According to the museum, the blood stain belonged to martyr Dong Quoc Binh, a naval soldier of Regiment 171 (present Brigade 171 under the Naval Region 2 Command). Comrade Binh sacrificed his life while performing duty on Ship 134 of Regiment 171 in battle against the U.S. Air Force on August 5, 1964 in the waters of Bai Chay, Quang Ninh province.

The ammo box with blood stains of martyr Dong Quoc Binh on display at the Naval Museum

Soldier Dong Quoc Binh was born in 1945 in Dai Hop commune, Kien Thuy district, Hai Phong city. In 1963, he joined the military and became a naval soldier of Regiment 171 after a training course.

On the morning of August 5, 1964, when he had just left his unit to start going on leave, the siren rang. Binh immediately returned to the unit, boarding Ship 134, taking on the task of refueling at positions 3, 5, and 6 and teamed up with comrades to fight enemy aircraft.

The battle was fierce. An enemy aircraft frantically dived and fired rockets at Ship 134, seriously injuring Binh in the abdomen.

Although he was bleeding profusely, Binh did not leave his fighting position. He held the wound with one hand and continued giving ammo to his comrades with the other.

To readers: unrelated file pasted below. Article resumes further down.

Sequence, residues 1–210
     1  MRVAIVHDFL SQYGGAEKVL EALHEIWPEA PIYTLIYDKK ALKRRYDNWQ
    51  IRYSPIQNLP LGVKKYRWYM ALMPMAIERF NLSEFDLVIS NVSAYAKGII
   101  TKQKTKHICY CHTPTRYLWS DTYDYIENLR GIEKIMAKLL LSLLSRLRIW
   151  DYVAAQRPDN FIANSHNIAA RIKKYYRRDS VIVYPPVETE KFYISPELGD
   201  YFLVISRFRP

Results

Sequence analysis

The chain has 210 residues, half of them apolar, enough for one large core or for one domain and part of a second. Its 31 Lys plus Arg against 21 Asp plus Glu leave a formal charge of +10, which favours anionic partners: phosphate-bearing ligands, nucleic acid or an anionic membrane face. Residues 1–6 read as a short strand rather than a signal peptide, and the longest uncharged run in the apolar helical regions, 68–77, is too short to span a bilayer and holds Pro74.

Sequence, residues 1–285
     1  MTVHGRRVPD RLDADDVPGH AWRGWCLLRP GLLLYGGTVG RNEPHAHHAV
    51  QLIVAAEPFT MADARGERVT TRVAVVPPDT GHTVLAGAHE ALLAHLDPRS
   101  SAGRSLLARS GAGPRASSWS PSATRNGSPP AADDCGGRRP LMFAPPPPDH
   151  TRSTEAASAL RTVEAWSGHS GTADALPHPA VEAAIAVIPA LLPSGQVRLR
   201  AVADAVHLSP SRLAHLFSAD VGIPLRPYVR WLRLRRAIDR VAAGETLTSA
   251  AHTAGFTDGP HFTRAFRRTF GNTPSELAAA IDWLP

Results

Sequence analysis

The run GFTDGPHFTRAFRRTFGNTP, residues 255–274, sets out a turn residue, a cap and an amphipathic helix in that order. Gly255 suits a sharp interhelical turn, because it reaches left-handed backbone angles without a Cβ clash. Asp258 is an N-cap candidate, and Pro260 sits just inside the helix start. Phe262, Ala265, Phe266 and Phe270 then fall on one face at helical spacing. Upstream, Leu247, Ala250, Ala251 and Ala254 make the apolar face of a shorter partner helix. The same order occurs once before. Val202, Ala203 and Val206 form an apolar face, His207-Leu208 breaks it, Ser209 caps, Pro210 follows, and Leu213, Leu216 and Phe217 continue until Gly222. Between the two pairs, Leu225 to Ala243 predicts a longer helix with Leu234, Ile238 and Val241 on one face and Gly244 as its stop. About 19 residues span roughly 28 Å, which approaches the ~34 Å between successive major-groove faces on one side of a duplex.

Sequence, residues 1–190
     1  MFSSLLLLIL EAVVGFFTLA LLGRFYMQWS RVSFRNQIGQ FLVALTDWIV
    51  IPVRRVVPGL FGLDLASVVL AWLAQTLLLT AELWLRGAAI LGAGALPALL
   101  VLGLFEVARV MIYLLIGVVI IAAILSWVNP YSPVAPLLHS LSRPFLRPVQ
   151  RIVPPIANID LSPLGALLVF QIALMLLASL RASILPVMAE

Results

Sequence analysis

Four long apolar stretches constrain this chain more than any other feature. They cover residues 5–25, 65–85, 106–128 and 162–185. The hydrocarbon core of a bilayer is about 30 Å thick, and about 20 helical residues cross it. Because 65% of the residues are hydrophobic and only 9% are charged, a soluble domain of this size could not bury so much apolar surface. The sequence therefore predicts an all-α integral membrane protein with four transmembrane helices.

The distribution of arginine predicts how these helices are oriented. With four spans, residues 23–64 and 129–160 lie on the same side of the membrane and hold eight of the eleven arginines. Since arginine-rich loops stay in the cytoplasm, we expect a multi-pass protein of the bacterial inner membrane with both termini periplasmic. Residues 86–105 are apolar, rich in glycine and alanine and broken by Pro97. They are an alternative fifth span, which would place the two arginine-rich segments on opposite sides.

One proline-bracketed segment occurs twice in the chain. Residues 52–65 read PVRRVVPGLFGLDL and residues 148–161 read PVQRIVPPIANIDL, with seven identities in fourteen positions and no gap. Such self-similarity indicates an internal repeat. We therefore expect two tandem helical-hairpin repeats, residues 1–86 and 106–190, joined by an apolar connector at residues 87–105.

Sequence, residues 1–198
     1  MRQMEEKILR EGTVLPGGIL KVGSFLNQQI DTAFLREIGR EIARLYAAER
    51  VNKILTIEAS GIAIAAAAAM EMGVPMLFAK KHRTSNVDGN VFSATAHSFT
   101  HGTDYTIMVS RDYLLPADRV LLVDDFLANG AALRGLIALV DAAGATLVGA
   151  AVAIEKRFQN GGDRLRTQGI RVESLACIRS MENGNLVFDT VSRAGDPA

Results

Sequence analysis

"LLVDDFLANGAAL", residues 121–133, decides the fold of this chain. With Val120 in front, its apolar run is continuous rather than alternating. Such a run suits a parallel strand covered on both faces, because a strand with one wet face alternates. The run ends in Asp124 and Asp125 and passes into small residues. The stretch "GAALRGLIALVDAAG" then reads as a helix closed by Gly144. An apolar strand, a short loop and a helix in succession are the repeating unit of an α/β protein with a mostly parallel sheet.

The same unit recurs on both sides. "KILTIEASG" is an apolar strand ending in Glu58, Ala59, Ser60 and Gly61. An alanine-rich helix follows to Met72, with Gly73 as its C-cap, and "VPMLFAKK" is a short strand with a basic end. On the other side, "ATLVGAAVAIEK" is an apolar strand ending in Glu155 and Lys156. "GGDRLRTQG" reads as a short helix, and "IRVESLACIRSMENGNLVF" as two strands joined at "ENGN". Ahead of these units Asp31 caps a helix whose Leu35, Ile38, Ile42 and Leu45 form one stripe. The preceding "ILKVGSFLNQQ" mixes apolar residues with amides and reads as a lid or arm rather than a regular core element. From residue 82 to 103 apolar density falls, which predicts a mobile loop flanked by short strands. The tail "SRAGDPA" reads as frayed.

Afterwards, the aircraft was shot down by our air defense force. Our troops and people captured a U.S. pilot alive in Bai Tu Long Bay.

Heavily wounded and lost too much blood, Binh passed away despite his comrades’ great efforts to save him.

Binh’s unit then handed over one of the ammo boxes involved in the battle on August 5, 1964 on Ship 134 with blood stains of fallen soldier Dong Quoc Binh to the Navy Museum for display to educate naval officers and soldiers and tourists about the traditions of the Navy.

Translated by Chung Anh